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The computational modeling of peptide inhibitors to target protein-protein binding interfaces is growing in interest as these are often too large, too shallow, and too feature-less for conventional small molecule compounds. Here, we present a rare successful application of an alchemical binding free energy method for the calculation of converged absolute binding free energies of a series of protein-peptide complexes. Specifically, we report the binding free energies of a series of cyclic peptides derived from the LEDGF/p75 protein to the integrase receptor of the HIV1 virus. The simulations recapitulate the effect of mutations relative to the wild-type binding motif of LEDGF/p75, providing structural, energetic and dynamical interpretations of the observed trends. The equilibration and convergence of the calculations are carefully analyzed. Convergence is aided by the adoption of a single-decoupling alchemical approach with implicit solvation, which circumvents the convergence difficulties of conventional double-decoupling protocols. We hereby present the single-decoupling methodology and critically evaluate its advantages and limitations. We also discuss some of the challenges and potential pitfalls of binding free energy calculations for complex molecular systems which have generally limited their applicability to the quantitative study of protein-peptide binding equilibria.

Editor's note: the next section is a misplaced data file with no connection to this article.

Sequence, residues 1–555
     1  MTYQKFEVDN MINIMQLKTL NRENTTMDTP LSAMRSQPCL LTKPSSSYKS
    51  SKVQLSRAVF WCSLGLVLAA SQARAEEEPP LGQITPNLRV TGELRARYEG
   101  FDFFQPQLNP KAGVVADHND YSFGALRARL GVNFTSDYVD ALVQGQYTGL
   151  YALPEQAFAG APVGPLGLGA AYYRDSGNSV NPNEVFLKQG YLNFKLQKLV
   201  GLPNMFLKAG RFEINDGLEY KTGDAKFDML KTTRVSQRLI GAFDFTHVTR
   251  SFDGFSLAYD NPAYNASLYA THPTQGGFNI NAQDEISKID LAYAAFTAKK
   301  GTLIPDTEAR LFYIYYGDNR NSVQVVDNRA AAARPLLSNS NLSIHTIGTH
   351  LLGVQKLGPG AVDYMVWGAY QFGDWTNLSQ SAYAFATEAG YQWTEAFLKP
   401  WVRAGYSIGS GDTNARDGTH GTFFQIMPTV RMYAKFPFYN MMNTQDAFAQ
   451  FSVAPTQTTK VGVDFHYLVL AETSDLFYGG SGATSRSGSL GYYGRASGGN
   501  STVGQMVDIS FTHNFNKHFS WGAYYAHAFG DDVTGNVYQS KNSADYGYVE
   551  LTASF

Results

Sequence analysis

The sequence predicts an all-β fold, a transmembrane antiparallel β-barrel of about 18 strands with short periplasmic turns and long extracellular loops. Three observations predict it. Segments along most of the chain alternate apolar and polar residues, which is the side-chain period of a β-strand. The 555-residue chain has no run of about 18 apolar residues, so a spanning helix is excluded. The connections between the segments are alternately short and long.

This article was originally published in the Frontiers of Microbiology, available at

This is an open-access article distributed under the terms of the Creative Commons Attribution License (CC BY).



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